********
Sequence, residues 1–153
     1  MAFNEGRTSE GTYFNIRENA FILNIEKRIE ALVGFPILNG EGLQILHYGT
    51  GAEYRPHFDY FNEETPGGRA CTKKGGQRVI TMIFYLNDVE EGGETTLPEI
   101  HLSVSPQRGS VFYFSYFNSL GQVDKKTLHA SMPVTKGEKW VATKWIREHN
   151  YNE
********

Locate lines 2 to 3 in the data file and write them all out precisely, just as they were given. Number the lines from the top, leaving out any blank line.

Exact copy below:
     1  MAFNEGRTSE GTYFNIRENA FILNIEKRIE ALVGFPILNG EGLQILHYGT
    51  GAEYRPHFDY FNEETPGGRA CTKKGGQRVI TMIFYLNDVE EGGETTLPEI